...because today I want to talk about cowboy boots. And beer.
Honestly, could I be more of a Hillbilly than that???
First, the boots...
OK, I must ask you, could these be any cuter???
I fell in love with these the very first time I saw them (at Zappos.) However, I am the thriftiest girl in the world, and I just couldn't justify the pricetag -- $100+ seemed a tad steep.
But they stuck in my head like a big shiny diamond, so I've been prowling eBay for months, hoping to score. And finally I did - winning these little beauties* for less than $50! WooHoo!
I am thrilled, but I also find that I have something of a dilemma. You see, I am fashion challenged. Severely. In fact, if it weren't considered insensitive to bandy about the term, it might not be too far off the mark to say that I am retarded when it comes to fashion. Hence my dilemma: now that I've got these little lovelies, just what the heck am I supposed to wear them with????
Seriously, I welcome any and all advice... I've never owned a pair of any sort of cowboy boot before, and have no idea what I am doing.
A beer you need to try (even if you think you do not like beer)
Let me start off by saying that I do like beer.
And whereas I can usually find a wine that I can drink on the occasions where drinking wine is the thing to do, if given a choice, I will always opt for beer over wine any day.
What I want to wax poetic about today are lambics. Lambics are a style of beer which are made only in one particular region of Belgium. (Other similar beers not brewed in this region are known as "lambic style".)
What's neat about these is, unlike other beers - which are fermented through the addition of brewer's yeasts - lambics are the process of spontaneous fermentation - basically, the process is left to nature. The brewer allows wild yeasts to do the job.
Once the initial fermentation process is begun, the lambic is moved into a second cask, and allowed to ferment a second time (a process that can take a year or two, aging the beer as you would - dare I say it - a wine).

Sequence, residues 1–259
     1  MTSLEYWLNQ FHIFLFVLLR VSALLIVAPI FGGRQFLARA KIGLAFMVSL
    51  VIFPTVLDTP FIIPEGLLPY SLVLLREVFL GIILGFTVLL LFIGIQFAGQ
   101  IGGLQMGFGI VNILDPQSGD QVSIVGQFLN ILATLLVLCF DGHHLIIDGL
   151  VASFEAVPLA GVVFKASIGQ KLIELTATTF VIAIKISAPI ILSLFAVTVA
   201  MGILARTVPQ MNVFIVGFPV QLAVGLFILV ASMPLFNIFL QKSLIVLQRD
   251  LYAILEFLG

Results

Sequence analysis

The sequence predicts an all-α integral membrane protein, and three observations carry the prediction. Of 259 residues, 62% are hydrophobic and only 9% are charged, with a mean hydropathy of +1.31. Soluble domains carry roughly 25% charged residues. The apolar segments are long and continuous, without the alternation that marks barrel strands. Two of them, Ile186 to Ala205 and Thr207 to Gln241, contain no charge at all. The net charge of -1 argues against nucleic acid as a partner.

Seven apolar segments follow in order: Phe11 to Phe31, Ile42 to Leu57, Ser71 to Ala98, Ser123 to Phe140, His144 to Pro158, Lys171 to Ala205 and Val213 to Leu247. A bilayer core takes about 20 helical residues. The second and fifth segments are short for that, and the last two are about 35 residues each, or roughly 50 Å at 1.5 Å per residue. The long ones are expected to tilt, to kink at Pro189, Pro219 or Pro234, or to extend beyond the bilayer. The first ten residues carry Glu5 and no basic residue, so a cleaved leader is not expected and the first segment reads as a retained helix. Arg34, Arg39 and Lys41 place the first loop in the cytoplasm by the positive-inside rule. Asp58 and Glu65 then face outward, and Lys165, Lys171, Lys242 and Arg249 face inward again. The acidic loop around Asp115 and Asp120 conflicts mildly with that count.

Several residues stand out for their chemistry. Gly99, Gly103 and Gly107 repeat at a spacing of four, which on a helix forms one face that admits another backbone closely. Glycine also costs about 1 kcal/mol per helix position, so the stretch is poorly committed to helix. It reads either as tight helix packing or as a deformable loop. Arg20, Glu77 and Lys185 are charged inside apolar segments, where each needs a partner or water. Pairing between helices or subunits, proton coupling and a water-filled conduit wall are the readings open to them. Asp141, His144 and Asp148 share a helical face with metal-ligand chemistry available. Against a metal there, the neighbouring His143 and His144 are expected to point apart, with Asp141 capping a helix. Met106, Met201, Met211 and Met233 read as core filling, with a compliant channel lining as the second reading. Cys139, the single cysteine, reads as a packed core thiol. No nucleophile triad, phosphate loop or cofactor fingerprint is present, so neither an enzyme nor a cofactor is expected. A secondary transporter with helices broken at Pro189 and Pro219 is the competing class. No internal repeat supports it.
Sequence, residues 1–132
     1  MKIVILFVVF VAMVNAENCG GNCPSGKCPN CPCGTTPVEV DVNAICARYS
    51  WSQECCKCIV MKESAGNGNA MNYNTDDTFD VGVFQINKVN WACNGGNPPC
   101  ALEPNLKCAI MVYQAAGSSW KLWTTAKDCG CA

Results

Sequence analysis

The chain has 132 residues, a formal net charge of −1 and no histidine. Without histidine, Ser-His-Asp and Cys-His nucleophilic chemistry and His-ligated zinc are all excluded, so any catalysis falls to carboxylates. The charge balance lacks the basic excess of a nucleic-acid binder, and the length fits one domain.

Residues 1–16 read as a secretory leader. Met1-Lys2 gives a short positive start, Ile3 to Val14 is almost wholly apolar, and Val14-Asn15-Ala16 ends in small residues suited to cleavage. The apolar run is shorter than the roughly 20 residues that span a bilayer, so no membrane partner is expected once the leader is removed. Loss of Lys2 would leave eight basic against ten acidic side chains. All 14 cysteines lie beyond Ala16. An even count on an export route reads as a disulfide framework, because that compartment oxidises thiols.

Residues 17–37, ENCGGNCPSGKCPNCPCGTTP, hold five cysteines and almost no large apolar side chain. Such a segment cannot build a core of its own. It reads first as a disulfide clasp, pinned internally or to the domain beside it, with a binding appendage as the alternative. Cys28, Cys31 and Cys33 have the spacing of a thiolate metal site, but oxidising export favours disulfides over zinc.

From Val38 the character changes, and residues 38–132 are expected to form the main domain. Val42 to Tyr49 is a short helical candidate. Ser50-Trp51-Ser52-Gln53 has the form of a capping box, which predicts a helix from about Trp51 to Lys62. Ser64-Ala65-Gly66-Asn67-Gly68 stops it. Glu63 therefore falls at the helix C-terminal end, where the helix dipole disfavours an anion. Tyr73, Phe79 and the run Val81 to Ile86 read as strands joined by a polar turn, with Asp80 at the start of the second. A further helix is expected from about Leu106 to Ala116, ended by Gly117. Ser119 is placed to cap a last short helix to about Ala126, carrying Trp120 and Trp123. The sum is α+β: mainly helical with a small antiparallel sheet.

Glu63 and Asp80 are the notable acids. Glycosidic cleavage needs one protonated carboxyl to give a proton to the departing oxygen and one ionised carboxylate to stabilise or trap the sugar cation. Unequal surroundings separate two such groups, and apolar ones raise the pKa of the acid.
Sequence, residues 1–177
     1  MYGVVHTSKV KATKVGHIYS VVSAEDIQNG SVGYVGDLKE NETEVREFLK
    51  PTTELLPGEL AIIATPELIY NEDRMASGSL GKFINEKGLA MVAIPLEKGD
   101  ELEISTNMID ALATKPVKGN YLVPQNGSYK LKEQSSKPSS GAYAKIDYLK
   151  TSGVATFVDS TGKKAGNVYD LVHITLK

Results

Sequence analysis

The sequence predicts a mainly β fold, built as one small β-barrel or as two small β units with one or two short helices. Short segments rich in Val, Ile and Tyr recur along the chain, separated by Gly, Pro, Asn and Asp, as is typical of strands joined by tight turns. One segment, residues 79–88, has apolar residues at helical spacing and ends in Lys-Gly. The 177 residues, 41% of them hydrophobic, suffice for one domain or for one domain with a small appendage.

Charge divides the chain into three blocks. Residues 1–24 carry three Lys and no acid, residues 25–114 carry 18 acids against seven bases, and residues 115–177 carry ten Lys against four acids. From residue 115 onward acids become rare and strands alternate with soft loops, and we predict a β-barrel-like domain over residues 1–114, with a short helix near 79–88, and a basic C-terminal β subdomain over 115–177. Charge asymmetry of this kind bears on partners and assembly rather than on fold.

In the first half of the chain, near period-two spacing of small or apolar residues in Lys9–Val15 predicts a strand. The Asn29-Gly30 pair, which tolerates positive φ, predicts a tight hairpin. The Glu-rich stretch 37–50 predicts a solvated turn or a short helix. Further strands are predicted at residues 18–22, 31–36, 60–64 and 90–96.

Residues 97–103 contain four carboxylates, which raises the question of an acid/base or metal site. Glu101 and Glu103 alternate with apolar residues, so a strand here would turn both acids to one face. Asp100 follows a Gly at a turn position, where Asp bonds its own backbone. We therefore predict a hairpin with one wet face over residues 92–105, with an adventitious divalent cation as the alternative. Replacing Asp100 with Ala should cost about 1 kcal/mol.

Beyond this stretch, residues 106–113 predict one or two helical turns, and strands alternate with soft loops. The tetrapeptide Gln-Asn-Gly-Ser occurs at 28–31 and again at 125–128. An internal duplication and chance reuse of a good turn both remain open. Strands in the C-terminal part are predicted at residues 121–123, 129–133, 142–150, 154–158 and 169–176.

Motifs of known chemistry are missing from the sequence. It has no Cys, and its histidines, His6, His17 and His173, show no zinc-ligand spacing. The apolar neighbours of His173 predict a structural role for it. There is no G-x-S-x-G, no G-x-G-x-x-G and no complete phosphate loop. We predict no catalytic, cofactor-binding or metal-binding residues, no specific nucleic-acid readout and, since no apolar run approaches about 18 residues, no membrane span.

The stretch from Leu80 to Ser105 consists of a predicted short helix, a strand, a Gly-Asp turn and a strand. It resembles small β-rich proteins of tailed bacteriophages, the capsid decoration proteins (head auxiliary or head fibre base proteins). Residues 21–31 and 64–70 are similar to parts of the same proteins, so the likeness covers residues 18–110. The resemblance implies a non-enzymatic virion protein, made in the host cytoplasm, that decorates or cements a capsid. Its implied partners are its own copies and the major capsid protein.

In addition to the natural fermentation process, it is often traditional to add various fruits or vegetables to season and flavor the beer (since Lambics do not use hops).
The end result has been described as mysterious, magical, romantic. Elegant, sparkling, clean, natural. I just say "Yum".
My personal favorite one of these is Lindeman's Framboise Lambic - it is truly wonderful. It's got a gorgeous berry color, and a flavor that I am simply unable to convey adequately. I have frequently served it to guests who have asked me what it is, and are shocked when I tell them. "No way," they say, "I don't even like beer!" I typically serve this in a more delicate stemmed glass than the one pictured above.
The one above is a new one to me; I found it at the Farmer's Market earlier in the week. I had never seen the Pomme (Apple) Lambic before, and had to give it a try. It was not as ethereal as the raspberry, but it was still quite good. It was like a cross between a good wheat beer and a hard cider (which I also love!) It seemed far more casual, hence the big pub glass. It made pizza and movie night seem much more of an occasion...
*Although, technically, these could not be called "little" in any true sense of the world. I've got some big old honking feet....